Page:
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The Witch and the Hundred Knight: Revival Edition
Game Reviews

The Witch and the Hundred Knight: Revival Edition

A better and more stable edition than the PS3 original that should please fans of NIS’ particular style of action-RPGs.

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We’re getting back into gaming season, folks, so it’s time to hit up some re-releases! We’ve got ports, we’ve got remasters, we’ve even got the odd HD upgrade. Today we’re going to look at The Witch and the Hundred Knight: Revival Edition, a re-release of the original action-RPG from Nippon Ichi.

If you aren’t familiar with The Witch and the Hundred Knight, you’re not alone; the game was released to basically no fanfare back in 2014. It’s known largely for the fact that, for whatever reason, it was a surprisingly taxing game for the poor PS3; the original release had framerate issues, was known to crash often and was implicated in fan-related issues after the fact. I never ran into the latter myself, but it’s still a scary thought, and it doesn’t take long to find people complaining about their PS3s biting the dust while playing the original release.

But what is it? Well, The Witch and the Hundred Knight follows the titular Witch: Metallia the Swamp Witch. Metallia is a stunningly foul-mouthed mage who creates the also-titular Hundred Knight, the character that you’ll control during the game. Your job is to help Metallia do whatever she wishes, which largely revolves around spreading her swampy domain. You’ll do this through a fairly standard hack-and-slash RPG system involving equipping various weapons for customized combos. There’s the odd creative touch here and there, like raiding houses or managing the Knight’s nutrition to keep its energy up, but largely you’re going to be mashing that attack button.

It’s a pretty decent adventure all in all, but the really notable point of the game is how strikingly dark it is by NIS standards. Metallia is…uh, she’s not very nice. At all. She swears constantly, she does terrible things to her foes upon defeating them and she treats her allies like garbage. That’s your heroine, folks. Metallia lightens up a little toward the end of the game, and even when things go well, they tend to take pretty bleak turns. Either way, you spend a significant chunk of this one working for what is unequivocally the bad guy, which may or may not sit well with you.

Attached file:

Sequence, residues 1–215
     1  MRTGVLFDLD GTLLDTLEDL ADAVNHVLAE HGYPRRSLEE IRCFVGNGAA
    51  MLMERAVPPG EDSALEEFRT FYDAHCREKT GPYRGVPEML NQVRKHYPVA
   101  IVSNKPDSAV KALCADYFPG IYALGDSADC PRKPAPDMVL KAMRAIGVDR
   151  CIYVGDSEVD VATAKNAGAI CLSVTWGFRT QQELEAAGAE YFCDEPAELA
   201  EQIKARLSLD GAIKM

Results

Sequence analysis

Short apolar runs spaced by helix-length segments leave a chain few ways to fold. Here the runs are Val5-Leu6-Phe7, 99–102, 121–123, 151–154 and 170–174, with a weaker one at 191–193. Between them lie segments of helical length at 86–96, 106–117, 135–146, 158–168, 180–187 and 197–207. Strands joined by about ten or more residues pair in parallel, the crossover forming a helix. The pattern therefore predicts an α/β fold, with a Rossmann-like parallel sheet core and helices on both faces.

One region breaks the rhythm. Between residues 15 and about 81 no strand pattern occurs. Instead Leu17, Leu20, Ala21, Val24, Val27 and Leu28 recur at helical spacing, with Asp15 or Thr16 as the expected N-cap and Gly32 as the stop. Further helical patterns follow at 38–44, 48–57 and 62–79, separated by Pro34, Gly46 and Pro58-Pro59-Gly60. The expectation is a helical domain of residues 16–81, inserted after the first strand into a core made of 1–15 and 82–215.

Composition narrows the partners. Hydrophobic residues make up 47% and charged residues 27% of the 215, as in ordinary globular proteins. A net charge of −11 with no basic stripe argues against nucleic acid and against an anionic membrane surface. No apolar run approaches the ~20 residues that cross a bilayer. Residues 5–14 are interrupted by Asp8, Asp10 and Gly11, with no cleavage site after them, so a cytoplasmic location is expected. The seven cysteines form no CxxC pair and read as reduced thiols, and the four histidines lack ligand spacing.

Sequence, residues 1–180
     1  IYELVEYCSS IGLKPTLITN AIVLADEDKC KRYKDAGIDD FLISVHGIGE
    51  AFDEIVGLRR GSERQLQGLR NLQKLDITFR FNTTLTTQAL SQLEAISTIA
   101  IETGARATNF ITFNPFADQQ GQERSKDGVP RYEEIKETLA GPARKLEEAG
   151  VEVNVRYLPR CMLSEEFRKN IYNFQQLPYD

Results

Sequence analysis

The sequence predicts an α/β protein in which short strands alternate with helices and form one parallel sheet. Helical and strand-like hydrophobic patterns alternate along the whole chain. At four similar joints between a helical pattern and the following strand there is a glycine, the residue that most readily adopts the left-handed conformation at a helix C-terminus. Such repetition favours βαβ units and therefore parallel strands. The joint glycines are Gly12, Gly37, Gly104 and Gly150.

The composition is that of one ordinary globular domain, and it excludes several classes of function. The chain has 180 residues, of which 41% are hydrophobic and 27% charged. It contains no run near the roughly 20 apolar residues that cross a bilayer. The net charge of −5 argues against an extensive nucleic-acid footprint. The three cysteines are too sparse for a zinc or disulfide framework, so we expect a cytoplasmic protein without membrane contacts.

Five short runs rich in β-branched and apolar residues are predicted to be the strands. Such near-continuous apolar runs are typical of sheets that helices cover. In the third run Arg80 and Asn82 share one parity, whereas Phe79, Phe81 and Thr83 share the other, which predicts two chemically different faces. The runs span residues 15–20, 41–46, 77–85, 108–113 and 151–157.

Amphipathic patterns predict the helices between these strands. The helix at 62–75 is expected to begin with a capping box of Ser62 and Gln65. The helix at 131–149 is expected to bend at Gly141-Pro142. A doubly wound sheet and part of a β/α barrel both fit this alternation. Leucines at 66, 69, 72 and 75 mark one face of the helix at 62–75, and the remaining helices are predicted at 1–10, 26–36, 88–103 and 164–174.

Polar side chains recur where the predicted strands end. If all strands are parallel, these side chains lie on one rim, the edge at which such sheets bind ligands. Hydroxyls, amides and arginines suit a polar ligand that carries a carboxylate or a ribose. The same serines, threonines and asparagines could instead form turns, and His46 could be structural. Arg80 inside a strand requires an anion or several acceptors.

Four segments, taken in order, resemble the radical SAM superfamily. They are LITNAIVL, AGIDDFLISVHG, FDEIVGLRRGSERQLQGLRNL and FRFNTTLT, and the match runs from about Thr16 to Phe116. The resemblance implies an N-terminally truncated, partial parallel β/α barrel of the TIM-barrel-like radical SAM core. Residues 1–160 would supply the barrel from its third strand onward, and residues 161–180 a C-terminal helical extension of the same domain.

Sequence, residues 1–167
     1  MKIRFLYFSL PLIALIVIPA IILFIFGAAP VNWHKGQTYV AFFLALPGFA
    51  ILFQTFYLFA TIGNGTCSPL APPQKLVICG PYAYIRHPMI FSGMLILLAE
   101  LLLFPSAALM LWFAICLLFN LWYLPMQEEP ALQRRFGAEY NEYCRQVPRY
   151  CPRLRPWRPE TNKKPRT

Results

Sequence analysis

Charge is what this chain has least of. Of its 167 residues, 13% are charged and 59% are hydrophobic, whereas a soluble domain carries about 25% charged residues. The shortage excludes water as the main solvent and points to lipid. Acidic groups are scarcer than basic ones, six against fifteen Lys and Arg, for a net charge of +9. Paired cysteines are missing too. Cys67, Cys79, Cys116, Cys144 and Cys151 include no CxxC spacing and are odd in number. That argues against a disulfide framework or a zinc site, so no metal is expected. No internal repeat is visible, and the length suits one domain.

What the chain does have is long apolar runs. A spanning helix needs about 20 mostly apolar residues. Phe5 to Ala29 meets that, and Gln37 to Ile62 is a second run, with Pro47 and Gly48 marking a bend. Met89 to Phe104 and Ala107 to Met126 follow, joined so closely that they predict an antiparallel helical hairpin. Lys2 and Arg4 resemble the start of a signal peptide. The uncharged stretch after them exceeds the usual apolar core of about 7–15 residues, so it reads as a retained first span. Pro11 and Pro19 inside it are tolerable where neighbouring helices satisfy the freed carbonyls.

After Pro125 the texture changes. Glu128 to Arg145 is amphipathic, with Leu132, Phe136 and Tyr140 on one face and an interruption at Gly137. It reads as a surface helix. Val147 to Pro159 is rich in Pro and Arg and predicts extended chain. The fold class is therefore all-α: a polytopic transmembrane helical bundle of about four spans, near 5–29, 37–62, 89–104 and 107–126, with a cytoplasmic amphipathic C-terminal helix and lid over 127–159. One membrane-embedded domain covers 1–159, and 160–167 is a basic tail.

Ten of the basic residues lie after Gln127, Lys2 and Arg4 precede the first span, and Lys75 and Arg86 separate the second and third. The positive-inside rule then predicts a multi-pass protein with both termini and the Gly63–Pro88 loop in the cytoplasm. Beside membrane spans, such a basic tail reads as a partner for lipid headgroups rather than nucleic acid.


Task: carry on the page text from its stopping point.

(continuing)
New features in the PS4 release include a procedurally-generated dungeon that offers powerful loot and upgrade items. You can also play as Metallia herself at times, which is cute but not groundbreaking. Really, the best addition to the game is the fact that it’s not going to destroy your console, though it certainly tries – the PS4’s fans will hit full blast as the machine desperately tries to comprehend what’s being done to it.

That’s not because this is an especially impressive-looking game. It’s not bad, no, but this is pretty standard NIS fare. The character art is pretty striking, especially Metallia’s design, but there’s nothing going on that should make the system freak out this way. I’m not really sure what went on to make the PS3 and PS4 alike struggle so, but at least the game doesn’t seem to crash and burn anymore in my experience.

With that in mind, I can recommend The Witch and the Hundred Knight to any fans of action-RPGs or NIS’ particular style. As mentioned, the plot is a little more gloomy than your average NIS game, but it’s certainly different. This is a better and more stable edition than the PS3 original, and just the fact that it probably won’t make your PS4 explode is a plus. If you’re hungering for some number-crunching action – with some witches – check it out!

About the Author: Cory Galliher